Katarzyna Pikora

Expensive apologies

A trademark infringer may be ordered not only to cease and desist, but also to pay damages and court costs and to bear the heavy expense of publishing the judgment and apologies.

As we see in our everyday practice, when a court in Poland finds infringement of a trademark, the court often grants the plaintiff’s claim for publication of the judgment. If the infringement also constitutes an act of unfair competition, the court will often also order the defendant to publish an apology. Typically publication of the judgment takes the form of information about the judgment, including the date, the name of the plaintiff whose rights were infringed, the name of the infringer, the actions which the infringer was ordered to cease and desist, and the remedial measures ordered by the court. In an apology, the infringer must admit that it committed an act of unfair competition against the holder of the trademark and that it apologises for the infringement.

Businesses that infringe trademarks generally seem unaware that when the court orders them to pay for publication, the costs can be significant—much higher than an award of court costs.

Our practice also shows that courts often order publication of the judgment or apologies in a nationwide press title, as they regard this as an effective means of reaching the greatest number of consumers who may have been affected by the trademark infringement. This particularly applies to consumers who are not regular customers of the infringer but may have purchased goods or services on a one-off basis. The cost of such a publication may run to tens of thousands of zloty. This is because the court will order publication in a format of at least a fourth of a page, and may order that the notice be published several times in multiple press titles. Moreover, an order to publish the judgment is separate from an order to publish an apology.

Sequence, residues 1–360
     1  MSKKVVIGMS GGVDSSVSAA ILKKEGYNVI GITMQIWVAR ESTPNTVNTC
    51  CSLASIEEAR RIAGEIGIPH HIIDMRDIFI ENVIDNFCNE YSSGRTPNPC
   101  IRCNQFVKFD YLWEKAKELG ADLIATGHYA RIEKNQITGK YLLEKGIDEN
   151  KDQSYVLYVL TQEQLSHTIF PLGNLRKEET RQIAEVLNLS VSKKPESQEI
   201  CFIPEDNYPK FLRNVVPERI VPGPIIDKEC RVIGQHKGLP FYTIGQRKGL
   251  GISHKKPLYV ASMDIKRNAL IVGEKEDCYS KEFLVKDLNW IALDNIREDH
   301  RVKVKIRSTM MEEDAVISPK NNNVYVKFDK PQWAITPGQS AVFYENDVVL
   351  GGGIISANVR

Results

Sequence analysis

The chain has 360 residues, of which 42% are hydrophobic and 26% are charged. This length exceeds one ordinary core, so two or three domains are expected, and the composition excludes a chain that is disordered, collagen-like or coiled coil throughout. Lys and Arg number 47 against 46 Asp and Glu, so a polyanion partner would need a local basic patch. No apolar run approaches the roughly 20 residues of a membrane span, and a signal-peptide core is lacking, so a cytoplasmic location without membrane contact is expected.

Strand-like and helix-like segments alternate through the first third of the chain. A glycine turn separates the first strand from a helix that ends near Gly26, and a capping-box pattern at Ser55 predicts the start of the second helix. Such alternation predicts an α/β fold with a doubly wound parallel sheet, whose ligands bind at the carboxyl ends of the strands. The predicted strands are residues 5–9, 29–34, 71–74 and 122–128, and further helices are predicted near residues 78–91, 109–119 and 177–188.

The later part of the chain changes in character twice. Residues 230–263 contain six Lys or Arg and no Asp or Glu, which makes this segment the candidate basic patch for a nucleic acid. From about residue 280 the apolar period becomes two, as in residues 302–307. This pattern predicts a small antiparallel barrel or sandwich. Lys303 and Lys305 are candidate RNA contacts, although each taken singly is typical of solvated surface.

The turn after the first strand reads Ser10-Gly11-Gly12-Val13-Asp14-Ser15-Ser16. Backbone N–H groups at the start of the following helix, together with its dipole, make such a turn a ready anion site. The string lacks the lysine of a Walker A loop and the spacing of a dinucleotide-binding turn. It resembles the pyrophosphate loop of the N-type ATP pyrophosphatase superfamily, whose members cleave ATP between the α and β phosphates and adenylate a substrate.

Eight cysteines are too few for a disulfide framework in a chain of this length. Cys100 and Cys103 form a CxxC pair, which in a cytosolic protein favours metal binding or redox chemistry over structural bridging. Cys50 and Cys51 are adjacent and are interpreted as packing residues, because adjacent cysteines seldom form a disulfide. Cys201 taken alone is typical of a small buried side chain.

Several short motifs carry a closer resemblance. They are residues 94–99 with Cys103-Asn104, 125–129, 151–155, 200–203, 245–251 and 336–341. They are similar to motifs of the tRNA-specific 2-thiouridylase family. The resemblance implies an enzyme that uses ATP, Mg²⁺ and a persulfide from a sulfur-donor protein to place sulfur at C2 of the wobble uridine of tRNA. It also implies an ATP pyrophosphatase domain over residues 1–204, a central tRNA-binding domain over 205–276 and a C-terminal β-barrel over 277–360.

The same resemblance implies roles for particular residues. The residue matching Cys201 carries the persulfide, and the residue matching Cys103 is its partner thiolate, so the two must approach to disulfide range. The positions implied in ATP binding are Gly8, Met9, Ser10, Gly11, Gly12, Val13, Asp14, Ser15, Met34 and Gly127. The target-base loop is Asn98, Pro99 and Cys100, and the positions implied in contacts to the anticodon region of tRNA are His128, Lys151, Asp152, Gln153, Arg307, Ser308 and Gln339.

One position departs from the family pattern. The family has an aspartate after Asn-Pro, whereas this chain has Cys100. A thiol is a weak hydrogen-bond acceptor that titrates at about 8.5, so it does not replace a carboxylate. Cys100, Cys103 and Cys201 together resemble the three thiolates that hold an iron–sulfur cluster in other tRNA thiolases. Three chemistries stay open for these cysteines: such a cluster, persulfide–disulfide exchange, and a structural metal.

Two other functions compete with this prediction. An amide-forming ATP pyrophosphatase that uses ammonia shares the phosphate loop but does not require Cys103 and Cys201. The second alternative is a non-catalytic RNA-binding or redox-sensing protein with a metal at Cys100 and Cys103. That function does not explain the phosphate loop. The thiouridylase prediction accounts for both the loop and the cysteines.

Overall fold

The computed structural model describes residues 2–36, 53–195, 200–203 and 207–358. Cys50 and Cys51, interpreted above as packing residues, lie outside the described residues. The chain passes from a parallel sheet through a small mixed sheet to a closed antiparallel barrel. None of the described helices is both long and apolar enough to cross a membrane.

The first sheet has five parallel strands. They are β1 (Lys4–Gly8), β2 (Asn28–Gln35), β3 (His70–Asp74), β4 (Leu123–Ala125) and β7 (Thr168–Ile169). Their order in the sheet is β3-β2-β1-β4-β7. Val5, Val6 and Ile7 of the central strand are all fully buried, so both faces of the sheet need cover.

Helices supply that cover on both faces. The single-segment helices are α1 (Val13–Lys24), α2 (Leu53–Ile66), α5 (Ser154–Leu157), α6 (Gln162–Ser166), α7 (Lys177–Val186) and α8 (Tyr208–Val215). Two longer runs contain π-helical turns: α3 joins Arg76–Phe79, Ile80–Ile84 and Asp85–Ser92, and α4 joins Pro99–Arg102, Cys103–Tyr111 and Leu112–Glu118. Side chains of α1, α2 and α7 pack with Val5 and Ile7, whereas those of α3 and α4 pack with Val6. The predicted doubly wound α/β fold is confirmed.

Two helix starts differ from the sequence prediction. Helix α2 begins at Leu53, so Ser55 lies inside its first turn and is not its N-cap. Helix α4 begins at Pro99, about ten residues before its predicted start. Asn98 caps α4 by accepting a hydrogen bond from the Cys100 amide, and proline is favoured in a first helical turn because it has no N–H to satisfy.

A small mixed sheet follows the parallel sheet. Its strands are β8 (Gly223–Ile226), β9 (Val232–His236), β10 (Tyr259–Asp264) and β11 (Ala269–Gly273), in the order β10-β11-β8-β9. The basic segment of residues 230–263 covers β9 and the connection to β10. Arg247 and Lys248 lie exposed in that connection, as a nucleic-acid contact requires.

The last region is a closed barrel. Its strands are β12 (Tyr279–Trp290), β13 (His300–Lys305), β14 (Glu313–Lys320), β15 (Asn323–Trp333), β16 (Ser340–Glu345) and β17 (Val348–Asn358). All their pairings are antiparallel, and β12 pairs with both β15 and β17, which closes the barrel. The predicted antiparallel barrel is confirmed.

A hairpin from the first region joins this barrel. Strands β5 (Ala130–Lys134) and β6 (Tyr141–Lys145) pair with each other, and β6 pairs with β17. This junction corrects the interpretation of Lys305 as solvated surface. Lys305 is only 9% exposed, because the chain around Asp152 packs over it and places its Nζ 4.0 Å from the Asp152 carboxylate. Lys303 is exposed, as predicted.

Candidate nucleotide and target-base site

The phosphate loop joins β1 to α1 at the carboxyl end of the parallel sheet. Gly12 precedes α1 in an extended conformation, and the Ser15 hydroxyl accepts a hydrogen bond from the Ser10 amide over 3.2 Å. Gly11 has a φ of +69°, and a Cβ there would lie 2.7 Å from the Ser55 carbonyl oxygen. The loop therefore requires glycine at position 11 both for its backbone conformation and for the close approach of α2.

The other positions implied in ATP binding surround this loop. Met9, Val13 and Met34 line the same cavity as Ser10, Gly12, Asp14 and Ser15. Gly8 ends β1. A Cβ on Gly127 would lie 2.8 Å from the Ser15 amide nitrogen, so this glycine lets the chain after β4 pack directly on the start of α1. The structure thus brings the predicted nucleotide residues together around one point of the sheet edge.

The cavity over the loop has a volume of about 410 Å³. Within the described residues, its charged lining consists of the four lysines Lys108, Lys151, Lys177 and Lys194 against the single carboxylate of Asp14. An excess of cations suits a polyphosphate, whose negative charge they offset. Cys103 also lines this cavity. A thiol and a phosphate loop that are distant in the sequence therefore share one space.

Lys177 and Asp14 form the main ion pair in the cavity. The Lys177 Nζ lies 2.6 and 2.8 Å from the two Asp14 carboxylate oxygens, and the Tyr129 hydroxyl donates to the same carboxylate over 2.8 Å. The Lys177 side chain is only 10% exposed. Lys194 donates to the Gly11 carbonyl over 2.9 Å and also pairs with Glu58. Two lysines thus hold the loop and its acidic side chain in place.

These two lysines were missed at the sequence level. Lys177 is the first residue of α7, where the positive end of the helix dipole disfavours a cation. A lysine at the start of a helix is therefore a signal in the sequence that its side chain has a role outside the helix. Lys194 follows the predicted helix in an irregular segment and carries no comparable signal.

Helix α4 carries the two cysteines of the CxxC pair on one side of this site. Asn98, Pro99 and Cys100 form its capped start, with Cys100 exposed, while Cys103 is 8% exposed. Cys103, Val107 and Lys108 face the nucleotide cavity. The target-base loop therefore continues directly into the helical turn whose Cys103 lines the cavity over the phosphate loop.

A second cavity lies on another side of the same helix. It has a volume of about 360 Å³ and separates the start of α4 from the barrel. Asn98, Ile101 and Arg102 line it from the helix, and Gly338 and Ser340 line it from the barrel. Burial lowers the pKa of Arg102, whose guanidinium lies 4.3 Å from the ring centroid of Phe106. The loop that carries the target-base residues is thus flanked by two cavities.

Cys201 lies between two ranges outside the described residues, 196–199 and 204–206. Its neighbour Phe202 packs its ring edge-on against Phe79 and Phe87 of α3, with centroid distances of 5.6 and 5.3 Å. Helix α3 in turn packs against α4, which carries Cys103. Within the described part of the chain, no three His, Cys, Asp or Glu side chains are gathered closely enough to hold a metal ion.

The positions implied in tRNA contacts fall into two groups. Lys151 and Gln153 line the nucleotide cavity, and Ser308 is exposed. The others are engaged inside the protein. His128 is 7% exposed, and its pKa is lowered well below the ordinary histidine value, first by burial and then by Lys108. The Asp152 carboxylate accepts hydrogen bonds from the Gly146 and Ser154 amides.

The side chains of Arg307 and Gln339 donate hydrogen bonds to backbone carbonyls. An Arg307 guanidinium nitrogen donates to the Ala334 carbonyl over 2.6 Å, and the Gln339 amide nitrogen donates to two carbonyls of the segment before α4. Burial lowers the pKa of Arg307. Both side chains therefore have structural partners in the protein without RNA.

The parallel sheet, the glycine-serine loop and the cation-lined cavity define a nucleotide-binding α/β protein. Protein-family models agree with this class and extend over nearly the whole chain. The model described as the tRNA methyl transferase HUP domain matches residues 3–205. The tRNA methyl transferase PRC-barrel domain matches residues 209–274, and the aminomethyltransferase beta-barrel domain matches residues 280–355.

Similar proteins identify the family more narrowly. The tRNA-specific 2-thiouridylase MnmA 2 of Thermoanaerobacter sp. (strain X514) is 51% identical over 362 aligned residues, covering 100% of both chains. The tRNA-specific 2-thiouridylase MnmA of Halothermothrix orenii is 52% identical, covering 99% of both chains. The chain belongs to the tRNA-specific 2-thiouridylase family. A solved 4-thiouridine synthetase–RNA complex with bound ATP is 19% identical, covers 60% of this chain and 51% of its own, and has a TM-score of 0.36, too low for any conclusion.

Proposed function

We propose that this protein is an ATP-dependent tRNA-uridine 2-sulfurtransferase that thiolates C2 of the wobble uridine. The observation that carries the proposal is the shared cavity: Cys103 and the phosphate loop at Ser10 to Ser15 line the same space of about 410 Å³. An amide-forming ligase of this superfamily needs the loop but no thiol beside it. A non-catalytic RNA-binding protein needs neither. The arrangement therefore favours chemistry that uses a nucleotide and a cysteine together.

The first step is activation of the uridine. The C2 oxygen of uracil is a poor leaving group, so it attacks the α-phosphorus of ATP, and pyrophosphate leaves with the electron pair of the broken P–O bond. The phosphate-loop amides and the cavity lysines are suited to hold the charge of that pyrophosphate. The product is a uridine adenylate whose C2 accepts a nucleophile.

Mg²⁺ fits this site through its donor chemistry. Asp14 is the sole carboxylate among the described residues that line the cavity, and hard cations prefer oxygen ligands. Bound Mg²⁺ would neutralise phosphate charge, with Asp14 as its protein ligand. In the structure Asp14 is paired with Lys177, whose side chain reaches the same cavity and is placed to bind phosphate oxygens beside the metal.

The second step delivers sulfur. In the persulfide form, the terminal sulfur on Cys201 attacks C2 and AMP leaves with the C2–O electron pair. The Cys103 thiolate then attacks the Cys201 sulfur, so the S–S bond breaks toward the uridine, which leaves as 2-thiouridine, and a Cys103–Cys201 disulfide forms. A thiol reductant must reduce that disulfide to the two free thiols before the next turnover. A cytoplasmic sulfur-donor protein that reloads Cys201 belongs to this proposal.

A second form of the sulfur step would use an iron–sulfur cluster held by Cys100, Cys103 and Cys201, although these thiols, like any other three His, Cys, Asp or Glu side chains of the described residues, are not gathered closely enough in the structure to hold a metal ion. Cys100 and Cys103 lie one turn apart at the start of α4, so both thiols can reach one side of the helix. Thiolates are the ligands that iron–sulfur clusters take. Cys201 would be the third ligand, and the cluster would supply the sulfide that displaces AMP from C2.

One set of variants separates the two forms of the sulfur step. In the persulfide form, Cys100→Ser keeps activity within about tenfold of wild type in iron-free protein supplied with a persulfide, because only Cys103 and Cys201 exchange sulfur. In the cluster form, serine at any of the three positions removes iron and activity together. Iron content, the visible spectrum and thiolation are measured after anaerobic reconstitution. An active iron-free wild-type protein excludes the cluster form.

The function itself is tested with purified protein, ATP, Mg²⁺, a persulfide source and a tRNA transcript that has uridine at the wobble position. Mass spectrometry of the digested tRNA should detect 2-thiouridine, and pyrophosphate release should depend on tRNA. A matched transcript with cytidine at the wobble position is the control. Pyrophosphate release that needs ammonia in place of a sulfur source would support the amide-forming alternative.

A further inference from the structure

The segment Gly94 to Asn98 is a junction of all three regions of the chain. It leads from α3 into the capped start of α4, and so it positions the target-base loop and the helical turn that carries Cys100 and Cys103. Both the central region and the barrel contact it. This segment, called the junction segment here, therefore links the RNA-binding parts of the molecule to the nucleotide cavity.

The costs of publication of the judgment or apology will be very high if the court orders them to be broadcast over television or radio. This is justified particularly when the infringer used these media to advertise the infringing goods or services.

The costs of publication of the judgment or apology may be lower if the court orders publication only in a trade magazine, which typically happens when the goods or services are of a specialised nature and consequently the infringer offered them to a narrower group of potential buyers, or in a local press title if the infringer does not operate or advertise on a nationwide scale.

The costs will also be relatively low if the infringer is only ordered to publish the judgment or apology on the infringer’s own website. Our practice shows that if the infringer operates an online business, the courts will often order publication in this form, as they find that such publication can effectively reach the infringer’s customers with the information about the trademark infringement committed by the defendant. But if the infringer’s operations are not limited to the internet, but conducted on a broader scale and intensively advertised, publication on the infringer’s website will be ordered alongside publication in the nationwide press.

Businesses committing trademark infringement must therefore recognise that if the court finds them liable for infringement, they may be forced to incur high additional costs to publish the judgment or apologies for the infringement. The high cost of publication is not regarded as a valid argument against ordering publication. The fact that the defendant committed the infringement is generally sufficient grounds to order publication.

Katarzyna Pikora, Intellectual Property Practice, Wardyński & Partners